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International Journal of Primatology

, Volume 32, Issue 6, pp 1413–1432 | Cite as

Self-Organization in Primates: Understanding the Rules Underlying Collective Movements

  • Cédric Sueur
  • Jean-Louis Deneubourg
Article

Abstract

Patterns of collective movements, such as the distribution of leadership and the organization of individuals, may be either homogeneously (no leader, no specific order), or heterogeneously (1 or several leaders, and a highly stable order) distributed. Members of a group need to synchronize their activities and coordinate their movements, despite the fact that they differ in physiological or morphological traits. The degree of difference in these traits may affect their decision-making strategy. We demonstrate how a theoretical model based on a variation of a simple mimetic rule, i.e., an amplification process, can result in each of the various collective movement patterns and decision-making strategies observed in primates and other species. We consider cases in which 1) the needs of different individuals are identical and social relationships are equivalent between group members, 2) the needs of individuals are different and social relationships are equivalent, and 3) the needs of individuals are different and social relationships are different. Finally, 4) we assess how the synergy between 2 mimetism rules, specifically the probability of joining a movement and that of canceling an initiation, allows group members to stay synchronized and cohesive. Our models suggest that similar self-organized processes have been selected as reliable and well-adapted means for optimal collective decisions across species, despite differences in their biological and social characteristics.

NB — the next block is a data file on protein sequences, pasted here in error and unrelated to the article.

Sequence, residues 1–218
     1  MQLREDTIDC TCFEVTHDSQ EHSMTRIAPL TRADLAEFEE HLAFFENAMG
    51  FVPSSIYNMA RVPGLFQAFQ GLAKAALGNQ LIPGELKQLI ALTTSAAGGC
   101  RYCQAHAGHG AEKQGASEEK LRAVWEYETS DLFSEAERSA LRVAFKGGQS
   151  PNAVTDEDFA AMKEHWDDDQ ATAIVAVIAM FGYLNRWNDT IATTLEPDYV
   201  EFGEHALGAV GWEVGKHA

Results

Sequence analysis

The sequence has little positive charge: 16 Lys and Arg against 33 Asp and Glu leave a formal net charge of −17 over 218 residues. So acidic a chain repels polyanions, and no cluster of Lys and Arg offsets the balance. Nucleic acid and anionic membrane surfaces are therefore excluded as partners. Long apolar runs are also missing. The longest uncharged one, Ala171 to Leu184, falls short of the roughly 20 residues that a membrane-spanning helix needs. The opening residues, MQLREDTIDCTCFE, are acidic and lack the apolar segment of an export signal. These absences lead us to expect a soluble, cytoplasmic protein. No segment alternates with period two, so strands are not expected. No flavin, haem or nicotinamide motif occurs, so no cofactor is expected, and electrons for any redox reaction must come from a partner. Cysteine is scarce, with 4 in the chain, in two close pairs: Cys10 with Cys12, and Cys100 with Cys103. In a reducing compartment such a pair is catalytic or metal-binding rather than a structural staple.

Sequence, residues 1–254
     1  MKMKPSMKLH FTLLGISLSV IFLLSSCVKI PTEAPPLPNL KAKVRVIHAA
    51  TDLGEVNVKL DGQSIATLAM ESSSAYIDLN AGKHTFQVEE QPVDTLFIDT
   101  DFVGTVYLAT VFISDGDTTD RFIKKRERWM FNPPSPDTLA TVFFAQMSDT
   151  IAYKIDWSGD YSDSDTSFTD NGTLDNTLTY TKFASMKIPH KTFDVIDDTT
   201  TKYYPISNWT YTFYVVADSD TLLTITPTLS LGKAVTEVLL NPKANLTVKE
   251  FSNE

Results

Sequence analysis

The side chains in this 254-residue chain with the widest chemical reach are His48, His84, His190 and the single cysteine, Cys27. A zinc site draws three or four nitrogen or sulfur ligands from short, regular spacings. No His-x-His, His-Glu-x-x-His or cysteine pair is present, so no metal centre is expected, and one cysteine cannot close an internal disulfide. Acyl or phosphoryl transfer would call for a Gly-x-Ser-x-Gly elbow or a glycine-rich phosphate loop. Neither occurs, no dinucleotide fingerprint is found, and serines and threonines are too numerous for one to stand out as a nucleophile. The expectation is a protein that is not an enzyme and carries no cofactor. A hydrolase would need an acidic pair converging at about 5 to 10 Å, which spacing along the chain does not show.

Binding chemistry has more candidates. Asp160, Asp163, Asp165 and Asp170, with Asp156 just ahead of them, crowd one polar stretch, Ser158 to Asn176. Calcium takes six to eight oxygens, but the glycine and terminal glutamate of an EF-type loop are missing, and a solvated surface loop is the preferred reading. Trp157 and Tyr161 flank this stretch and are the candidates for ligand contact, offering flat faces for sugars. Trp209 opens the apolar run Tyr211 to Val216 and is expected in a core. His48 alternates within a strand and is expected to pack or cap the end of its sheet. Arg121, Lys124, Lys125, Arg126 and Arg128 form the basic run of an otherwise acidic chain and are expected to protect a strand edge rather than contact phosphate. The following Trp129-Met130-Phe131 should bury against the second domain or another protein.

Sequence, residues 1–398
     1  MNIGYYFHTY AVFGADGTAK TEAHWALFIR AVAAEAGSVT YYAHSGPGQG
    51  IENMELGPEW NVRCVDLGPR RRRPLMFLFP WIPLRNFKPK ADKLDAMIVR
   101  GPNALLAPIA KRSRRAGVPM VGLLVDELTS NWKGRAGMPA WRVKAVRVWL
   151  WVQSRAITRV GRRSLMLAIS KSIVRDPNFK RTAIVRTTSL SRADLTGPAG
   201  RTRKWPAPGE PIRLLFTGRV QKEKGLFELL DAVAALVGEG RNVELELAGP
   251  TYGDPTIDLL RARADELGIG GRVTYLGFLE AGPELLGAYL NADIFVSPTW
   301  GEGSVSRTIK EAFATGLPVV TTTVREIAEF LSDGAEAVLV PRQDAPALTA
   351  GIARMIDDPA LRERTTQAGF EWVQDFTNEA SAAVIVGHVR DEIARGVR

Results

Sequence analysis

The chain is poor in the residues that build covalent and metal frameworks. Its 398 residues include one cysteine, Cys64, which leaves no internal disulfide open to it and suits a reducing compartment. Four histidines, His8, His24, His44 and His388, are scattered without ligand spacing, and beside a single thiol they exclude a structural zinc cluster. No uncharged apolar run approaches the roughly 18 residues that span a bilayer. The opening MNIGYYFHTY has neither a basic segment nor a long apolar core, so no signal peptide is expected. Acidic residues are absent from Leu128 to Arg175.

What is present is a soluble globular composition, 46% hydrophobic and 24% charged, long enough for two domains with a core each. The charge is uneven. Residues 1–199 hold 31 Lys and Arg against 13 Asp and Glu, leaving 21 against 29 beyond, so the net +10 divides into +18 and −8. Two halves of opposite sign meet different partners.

Keywords

Cancellation Cohesion Collective decision Consensus Initiation Leadership Mimetism Quorum Rule of thumb 

Notes

Acknowledgments

We thank Odile Petit, Céline Bret, and 2 anonymous reviewers for their comments on the manuscript. We also thank Andrew J. King and Joanna Setchell for their comments as editors. C. Sueur thanks the Japan Society for the Promotion of Science for their funding aid. J-L. Deneubourg is a Research Associate, and his work was funded by the Belgian National Funds for Scientific Research.

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© Springer Science+Business Media, LLC 2011

Authors and Affiliations

  1. 1.Primate Research InstituteKyoto UniversityInuyamaJapan
  2. 2.Unit of Social EcologyFree University of BrusselsBrusselsBelgium

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